Video tutorial Using Trace feature in Inkscape

inkscape
trace

#1

Here is a video I did on making those foam inserts for my toolbox using the the trace bitmap feature in Inkscape.


#2

I may have missed the part where you mentioned it, but what type of foam is that? Eva floor tiles?


#3

Yes I used the foam floor tiles, think I might have forgot to mention it.


#4

I have been inspired to follow suit (even the potential demo fail won’t deter me :wink: ).

Really did like the “framing” for the back-light.


#5

This is how I interpreted steps in the video. I did not include ‘Fill and Stroke’

|•|Create jpeg in Photoshop.|
|•|Trace contour|
|•|Clean up spots and edge|
|•|save|
|•|Import jpeg into Inkscape|
|•|Change ‘Document Properties’ (e.g. size) under File|
|•|Arrange image in document box |
|•|Resize and/or rotate to fit|
|•|Click ‘Trace Bitmap’ under ‘Path’|
|•|Drag top layer of image to the side|
|•|Delete bottom jpeg image|
|•|Click ‘Break Apart’ under ‘Path’|
|•|Drag image and delete bottom image|
|•|Save file as *. svg ‘plain’|


#6

Thanks for the video. The backlighting is a good trick. I learned this myself when trying to take a photo of a piece of jewelry that I wanted to replicate in the GF. I actually held it up to my window with snow in the background to get the same effect, and it really helped eliminate the shadows. When I had tried to take some photos of my tools earlier without backlighting, the shadows really threw off the trace bitmap activity.

For those without a backlight, one alternative option is to look for pictures of your tools online. If you can get a good match, you can find a picture online that is professionally done without backlighting, and use that as a starting point.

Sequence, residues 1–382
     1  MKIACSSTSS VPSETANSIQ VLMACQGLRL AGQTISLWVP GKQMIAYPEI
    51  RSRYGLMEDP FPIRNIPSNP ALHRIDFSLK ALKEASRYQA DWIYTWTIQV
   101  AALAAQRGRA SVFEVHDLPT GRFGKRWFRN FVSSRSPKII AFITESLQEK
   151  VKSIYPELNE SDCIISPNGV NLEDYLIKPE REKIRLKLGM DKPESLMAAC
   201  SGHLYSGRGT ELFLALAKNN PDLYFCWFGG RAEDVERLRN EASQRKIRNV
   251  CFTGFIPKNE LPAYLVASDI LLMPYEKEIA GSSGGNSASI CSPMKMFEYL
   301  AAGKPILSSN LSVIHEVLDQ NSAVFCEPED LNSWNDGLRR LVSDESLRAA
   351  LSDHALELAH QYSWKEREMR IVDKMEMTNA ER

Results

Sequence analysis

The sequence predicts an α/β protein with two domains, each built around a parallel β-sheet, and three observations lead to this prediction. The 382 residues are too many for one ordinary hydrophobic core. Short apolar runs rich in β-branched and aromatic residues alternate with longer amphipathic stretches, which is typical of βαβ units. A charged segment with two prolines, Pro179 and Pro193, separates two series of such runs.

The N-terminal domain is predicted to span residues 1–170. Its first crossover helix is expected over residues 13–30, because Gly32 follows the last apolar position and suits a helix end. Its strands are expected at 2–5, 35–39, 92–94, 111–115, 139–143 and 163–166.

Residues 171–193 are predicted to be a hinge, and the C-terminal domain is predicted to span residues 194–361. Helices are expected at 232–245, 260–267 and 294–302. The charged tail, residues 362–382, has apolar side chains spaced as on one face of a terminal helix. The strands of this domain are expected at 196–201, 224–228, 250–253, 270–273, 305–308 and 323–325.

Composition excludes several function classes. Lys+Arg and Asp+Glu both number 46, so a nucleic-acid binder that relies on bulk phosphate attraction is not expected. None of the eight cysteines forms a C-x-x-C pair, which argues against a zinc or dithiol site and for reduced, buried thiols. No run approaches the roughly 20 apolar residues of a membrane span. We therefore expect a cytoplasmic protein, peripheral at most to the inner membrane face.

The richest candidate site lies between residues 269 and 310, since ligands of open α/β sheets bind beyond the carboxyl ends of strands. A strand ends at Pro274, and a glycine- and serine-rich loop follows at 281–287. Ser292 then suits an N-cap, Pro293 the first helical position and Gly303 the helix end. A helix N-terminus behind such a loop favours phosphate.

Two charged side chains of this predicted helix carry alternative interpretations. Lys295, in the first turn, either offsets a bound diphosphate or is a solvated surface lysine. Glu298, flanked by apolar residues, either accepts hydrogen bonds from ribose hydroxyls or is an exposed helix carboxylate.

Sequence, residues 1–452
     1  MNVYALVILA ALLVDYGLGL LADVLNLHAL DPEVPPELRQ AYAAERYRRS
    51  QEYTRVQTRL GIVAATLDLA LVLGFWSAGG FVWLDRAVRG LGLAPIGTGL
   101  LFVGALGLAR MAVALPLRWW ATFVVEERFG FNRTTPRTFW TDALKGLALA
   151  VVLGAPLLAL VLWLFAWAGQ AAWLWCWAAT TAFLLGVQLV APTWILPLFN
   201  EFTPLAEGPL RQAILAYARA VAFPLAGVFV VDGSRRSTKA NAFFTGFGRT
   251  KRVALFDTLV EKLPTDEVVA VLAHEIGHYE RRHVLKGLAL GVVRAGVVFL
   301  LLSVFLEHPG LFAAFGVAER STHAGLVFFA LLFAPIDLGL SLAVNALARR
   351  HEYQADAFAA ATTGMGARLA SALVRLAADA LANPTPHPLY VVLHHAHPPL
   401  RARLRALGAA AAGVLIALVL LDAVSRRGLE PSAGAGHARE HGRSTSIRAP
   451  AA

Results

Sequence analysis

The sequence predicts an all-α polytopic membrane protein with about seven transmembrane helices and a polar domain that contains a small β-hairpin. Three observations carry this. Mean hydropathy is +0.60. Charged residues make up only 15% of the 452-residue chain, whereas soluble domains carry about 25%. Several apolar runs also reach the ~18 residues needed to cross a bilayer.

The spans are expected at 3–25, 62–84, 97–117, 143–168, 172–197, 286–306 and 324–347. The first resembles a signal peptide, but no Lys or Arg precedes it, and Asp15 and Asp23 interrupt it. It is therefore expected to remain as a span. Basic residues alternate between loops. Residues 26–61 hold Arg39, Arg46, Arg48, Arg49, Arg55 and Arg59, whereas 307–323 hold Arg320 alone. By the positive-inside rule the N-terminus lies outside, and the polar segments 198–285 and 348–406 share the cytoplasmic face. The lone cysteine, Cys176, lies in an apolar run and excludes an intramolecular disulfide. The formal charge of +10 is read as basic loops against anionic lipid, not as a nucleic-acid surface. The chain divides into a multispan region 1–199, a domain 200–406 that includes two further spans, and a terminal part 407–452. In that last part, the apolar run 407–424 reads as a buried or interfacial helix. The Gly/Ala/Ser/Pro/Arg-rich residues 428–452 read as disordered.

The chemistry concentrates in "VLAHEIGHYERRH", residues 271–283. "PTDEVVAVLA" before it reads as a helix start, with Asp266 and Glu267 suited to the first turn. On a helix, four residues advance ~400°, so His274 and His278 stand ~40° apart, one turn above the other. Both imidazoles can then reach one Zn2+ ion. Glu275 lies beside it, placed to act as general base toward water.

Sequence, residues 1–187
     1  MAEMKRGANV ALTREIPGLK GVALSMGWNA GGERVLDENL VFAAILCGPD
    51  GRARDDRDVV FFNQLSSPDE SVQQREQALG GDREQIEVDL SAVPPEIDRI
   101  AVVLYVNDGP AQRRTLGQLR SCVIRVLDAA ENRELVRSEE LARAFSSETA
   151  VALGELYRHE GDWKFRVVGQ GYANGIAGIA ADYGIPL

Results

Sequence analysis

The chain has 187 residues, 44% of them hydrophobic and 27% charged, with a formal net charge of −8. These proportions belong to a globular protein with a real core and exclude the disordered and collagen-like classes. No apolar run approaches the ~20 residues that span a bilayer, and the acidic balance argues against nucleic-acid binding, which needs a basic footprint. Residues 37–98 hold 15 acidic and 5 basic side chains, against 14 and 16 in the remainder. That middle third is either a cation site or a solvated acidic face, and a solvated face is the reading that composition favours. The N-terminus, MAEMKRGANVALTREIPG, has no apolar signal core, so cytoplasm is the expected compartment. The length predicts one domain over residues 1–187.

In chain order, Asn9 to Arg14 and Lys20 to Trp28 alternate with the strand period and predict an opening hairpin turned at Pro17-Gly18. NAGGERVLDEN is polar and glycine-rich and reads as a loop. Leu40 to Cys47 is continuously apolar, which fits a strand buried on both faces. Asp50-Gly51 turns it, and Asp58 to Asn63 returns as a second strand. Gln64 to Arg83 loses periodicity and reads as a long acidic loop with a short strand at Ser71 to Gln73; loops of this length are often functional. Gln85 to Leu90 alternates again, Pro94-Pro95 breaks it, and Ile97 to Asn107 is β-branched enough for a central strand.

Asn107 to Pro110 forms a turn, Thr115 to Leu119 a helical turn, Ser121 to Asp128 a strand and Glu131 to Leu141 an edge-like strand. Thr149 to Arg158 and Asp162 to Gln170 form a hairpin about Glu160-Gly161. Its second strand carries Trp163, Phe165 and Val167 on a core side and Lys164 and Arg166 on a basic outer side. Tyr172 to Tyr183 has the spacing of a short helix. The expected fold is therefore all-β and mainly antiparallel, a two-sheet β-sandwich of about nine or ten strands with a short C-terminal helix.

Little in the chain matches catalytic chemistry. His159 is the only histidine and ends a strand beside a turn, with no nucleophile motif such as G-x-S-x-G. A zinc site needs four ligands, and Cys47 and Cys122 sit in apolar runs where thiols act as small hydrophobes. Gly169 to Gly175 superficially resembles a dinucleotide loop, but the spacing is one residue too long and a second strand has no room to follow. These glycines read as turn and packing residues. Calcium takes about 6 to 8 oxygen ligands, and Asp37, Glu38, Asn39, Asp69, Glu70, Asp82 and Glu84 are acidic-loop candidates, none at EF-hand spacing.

Another trick for adjusting the scale: I like to include my tape measure in the picture. Then, when the photo is imported, use your software to “measure” the tape measure and scale accordingly. For example, if 10" on the tape measure is 15" in your software, you can scale by 66.7% to get everything right-sized. It doesn’t have to be a tape measure per se, just something you know the actual dimension of. Hint: the bigger the item you are measuring, the easier it is to scale accurately because whatever fixed measurement error you have in the software (some number of pixels) will be a lower percentage of the total measured value. So scale based on the largest dimension that fits in your photo.

One thing I didn’t see in your video that might also be helpful: add in some thumb/forefinger holes around tools like the center punches so it’s easier to grab them out of the foam. You might also want to offset the traced outline of the tool a little so it’s a good fit but not a super tight fit. Trial and error would be the way to go on that.

Overall, excellent tutorial, thanks for putting it together. Definitely will help me going forward, as I immediately bought the EVA foam when the idea of tool storage foam cutouts was first mentioned, but got bogged down by the difficulties of not having backlit photos and having trouble with the shadows.


#7

Thanks and great suggestions, The last couple I did I did end up off setting the trace and It worked Great! I do with some of them had finger holes, I was just too lazy to draw them :blush: But now I am thinking it might work to cut a bunch of half circles from draft board and place them against the tools, Then there would be no extra drawing !!!